The Incredible Manager is a simulation game designed to train software project managers, designed and implemented by the Software Reuse Team (Software Reuse Team Homepage, 2008). The player must assume the role of a software project manager and develop software projects within budget, schedule and quality demands. The game consists of three components: the simulation model, the scenario model and the machine. The simulation model represents the world and aspects that will be presented to the player. It contains scenario models providing a generic library of theories and events that can be integrated into a project model by an instructor. The simulation machine controls the steps in the simulation and evaluates the behavior of system elements based on calculated model equations. The game machine is the component that the player interacts with which runs game phases continuously. Each phase is divided into five steps: The begin phase introducing the project, scenarios that may impact development and project characteristics such as budget. The project planning phases require the player to allocate staff to tasks, decide on the effort required on tasks and effort required on quality assurance activities. The player can modify the project plan at any time. The planning acceptance stage is where the project plan is sent to the stakeholders to be approved. If the project plan is refused then the player must revert back to the project planning phase until it is accepted. The project execution plan is where the project plan is executed in continuous turns consuming project resources. The player has to take corrective action in this phase in response to such things as exhausted developers or altering the original project plan. The end phase occurs when the project resources are done (project failure) or the project is completed successfully. There are three different characters in the game: the manager, the boss and the developers. The manager is the role assumed by the player and is responsible for all of the decision-making processes. The boss is effectively the stakeholders and is responsible for the acceptance or rejection of the project plan. The developers are the team developing the project and have different characteristics and skills such as work hours per day and hourly rate of pay.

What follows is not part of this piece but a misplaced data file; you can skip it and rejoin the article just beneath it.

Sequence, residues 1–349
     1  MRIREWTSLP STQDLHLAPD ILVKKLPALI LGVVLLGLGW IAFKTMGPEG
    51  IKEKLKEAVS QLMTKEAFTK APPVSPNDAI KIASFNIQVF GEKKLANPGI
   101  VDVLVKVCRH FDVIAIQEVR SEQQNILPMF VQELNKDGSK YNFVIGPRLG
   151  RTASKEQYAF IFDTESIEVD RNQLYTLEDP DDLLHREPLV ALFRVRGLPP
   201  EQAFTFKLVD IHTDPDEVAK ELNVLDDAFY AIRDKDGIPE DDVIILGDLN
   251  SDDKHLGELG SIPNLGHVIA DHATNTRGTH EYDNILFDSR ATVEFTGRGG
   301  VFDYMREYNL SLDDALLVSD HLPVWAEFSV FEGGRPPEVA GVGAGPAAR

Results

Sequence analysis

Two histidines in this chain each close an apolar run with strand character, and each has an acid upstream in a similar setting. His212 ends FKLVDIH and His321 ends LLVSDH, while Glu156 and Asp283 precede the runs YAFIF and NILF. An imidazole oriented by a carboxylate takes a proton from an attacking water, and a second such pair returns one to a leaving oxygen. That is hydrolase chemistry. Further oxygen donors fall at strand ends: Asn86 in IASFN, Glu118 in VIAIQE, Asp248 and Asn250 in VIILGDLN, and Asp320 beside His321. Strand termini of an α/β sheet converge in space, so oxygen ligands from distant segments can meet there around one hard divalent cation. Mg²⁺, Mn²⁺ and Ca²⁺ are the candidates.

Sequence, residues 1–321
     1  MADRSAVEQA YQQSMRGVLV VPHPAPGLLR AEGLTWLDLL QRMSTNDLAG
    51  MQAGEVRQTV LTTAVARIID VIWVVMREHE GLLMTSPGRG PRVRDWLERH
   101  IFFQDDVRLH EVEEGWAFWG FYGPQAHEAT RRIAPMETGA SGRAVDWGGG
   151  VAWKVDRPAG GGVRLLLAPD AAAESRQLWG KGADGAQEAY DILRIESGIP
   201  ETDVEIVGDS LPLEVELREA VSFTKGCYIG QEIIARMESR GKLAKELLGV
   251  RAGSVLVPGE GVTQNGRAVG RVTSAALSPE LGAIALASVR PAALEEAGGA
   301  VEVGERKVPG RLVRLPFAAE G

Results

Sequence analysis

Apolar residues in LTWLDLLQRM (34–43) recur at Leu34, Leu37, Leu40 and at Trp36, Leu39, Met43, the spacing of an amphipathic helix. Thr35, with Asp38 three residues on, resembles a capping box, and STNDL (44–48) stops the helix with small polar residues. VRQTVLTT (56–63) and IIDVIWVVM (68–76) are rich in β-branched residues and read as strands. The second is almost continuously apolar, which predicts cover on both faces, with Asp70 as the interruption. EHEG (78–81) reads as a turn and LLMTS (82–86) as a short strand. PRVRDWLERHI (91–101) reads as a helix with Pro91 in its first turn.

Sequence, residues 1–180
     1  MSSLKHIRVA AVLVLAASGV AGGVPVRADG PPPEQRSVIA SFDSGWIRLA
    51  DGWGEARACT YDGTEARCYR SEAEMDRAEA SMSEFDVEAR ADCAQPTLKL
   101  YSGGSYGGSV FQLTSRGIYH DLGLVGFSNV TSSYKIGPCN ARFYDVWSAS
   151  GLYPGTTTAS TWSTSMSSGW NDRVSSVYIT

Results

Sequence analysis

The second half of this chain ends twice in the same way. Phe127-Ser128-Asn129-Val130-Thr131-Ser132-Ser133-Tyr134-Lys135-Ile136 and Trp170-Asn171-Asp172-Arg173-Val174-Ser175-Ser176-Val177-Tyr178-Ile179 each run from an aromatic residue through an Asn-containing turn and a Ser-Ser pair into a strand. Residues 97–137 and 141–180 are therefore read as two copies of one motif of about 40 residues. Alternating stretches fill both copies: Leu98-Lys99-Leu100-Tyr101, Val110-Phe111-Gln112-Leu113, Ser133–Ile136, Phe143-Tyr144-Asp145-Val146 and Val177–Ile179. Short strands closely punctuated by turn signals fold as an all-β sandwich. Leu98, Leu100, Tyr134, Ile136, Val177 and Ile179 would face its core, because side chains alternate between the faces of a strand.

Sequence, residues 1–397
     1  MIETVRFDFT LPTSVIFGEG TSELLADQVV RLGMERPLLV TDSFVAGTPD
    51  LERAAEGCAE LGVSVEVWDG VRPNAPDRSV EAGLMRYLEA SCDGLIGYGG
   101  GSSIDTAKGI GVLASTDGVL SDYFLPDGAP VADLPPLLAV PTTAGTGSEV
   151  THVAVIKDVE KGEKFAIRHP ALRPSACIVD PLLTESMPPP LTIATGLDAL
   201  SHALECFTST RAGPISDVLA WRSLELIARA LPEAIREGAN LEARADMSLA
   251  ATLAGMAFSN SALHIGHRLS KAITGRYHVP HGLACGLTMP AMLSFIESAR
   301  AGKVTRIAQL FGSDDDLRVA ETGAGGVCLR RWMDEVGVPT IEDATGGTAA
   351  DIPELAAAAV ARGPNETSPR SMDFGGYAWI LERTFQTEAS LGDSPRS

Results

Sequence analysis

As the education pattern is changing in the same way students are growing advance so its important for the culture to grow. So, for the betterment of students, education sector has to change with more new technology so that our country can compete with all others and can challenge the world.

Contributed by Nandita Mishra (Batch 2013, IBS Hyderabad)

Solving India’s Faculty Famine

President of India, Pranab Mukherjee at the 90th convocation ceremony of University of Delhi (DU) raised concerns over shortage of faculty and low standards of instruction in Indian higher education. In Central Universities, close to 51 per cent of academic posts are lying vacant. While we take urgent steps to fill the vacancies, new ways of employing technology-based learning and collaborative information and communication sharing should be evolved.

President emphasizing upon the need to promote distance education said, “Open and Distance Learning can aid in enhancing the reach of higher education. The enrolment in such programme in our country increased from 27 lakh to 42 lakh during the Eleventh Plan period. The time is now ripe to deploy innovative technologies for greater coverage and for improvising modules that can enable better learning.”